THE global economic recovery will continue but at a slower rate than in the past two quarters and a slide back into recession should be avoided, according to Credit Suisse analysts yesterday.
The Swiss bank's head of Asia-Pacific research, Ms Fan Cheuk Wan, said that while some economists fear another slump this year following job losses and a decline in world manufacturing, she believed such views are 'overly pessimistic'.
Many economies hit a speed bump in the first half due to the problems coming out of Europe, said Ms Fan.
But according to the bank's chief economist for Asia, Mr Joseph Tan, the effect on Asia is 'next to zero' because the nations most affected by the crisis - Spain, Portugal and Greece - account for only 4 per cent of Asian exports to Europe.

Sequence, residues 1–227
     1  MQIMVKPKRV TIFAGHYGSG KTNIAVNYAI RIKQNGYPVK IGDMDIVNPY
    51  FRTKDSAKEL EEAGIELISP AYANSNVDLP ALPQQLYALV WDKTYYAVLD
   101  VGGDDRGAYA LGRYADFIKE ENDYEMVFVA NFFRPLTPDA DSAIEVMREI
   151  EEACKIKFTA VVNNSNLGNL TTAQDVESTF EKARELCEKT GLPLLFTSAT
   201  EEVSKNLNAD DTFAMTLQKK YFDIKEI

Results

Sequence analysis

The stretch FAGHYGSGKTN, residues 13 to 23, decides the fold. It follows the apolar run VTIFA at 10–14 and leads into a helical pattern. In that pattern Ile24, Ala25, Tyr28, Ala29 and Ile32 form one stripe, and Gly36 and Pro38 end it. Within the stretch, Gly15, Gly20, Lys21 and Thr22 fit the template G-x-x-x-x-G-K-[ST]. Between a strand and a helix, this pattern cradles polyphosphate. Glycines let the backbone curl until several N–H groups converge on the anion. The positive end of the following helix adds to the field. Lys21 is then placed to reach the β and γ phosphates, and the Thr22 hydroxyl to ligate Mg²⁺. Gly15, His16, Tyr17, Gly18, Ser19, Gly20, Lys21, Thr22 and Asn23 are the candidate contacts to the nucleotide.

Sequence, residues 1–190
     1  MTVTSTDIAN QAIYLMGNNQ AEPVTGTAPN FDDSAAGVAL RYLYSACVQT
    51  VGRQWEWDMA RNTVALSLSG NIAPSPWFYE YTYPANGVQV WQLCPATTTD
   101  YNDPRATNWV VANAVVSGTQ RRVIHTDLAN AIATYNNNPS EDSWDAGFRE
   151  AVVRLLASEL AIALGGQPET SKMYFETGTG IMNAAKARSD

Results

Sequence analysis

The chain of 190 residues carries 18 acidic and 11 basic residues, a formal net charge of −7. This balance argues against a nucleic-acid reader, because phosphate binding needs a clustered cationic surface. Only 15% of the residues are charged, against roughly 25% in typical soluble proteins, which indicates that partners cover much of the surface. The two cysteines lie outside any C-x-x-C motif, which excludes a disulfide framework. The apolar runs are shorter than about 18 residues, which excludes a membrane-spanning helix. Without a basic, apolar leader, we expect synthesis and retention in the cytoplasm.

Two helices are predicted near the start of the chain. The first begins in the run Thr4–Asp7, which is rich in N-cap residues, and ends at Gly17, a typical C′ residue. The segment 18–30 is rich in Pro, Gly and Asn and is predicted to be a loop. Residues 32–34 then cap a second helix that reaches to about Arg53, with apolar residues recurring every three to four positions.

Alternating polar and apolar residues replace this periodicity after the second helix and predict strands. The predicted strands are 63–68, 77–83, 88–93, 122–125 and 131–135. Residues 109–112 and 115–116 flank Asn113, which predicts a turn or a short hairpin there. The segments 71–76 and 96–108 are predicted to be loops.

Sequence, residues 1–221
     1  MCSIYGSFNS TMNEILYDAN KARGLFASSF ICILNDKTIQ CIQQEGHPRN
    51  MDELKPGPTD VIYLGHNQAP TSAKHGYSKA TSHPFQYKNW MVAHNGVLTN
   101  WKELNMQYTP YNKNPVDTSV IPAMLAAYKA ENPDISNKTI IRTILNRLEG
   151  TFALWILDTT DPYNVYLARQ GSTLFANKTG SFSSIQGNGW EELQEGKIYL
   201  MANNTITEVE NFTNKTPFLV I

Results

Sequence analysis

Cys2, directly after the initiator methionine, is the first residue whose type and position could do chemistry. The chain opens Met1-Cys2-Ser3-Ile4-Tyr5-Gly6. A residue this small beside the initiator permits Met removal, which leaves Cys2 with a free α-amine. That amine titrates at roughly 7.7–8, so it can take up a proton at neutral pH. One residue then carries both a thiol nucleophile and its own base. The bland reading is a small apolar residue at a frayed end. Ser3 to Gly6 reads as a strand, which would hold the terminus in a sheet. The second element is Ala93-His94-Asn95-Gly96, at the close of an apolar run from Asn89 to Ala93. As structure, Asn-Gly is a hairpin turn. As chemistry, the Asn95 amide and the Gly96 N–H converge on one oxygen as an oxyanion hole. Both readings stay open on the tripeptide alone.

'As long as core Europe (France, Germany and the Netherlands) can hold itself up, we should focus on the US and not be overly concerned about Europe,' he said.
Asia is also protected by its low debt to gross domestic product ratio. Most Asian countries have ratios below 40 per cent while the United States and Europe struggle with ratios of more than 100 per cent.
This allows Asia to consume without worry as it normalises its monetary policy.
Mr Tan also said he anticipates more liquid Asian currencies like the Singapore dollar, Korean won and Australian dollar to appreciate in the near future, towed along in the wake of the rising Chinese yuan.
Credit Suisse believes the yuan's appreciation reinforces China's robust growth and advised investors to target commodities such as iron ore.
Ms Fan urged investors to 'look for value' and be cautious about investing in downstream goods such as steel and aluminium.
The bank also recommended investing in consumer stocks from firms such as milk company China Mengniu, sports apparel group China Dongxiang, Indofood, Samsung and Shiseido.
Source: Straits Times, 8 Jul 2010
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